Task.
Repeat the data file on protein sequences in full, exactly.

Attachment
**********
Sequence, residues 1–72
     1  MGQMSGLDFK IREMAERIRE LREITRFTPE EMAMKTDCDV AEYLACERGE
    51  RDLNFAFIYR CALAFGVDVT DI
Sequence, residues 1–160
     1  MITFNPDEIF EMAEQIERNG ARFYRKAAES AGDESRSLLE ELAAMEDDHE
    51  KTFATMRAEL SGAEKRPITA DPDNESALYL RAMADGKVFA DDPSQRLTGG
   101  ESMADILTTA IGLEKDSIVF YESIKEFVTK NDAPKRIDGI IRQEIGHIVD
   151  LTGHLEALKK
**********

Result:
Sequence, residues 1–72
     1  MGQMSGLDFK IREMAERIRE LREITRFTPE EMAMKTDCDV AEYLACERGE
    51  RDLNFAFIYR CALAFGVDVT DI
Sequence, residues 1–160
     1  MITFNPDEIF EMAEQIERNG ARFYRKAAES AGDESRSLLE ELAAMEDDHE
    51  KTFATMRAEL SGAEKRPITA DPDNESALYL RAMADGKVFA DDPSQRLTGG
   101  ESMADILTTA IGLEKDSIVF YESIKEFVTK NDAPKRIDGI IRQEIGHIVD
   151  LTGHLEALKK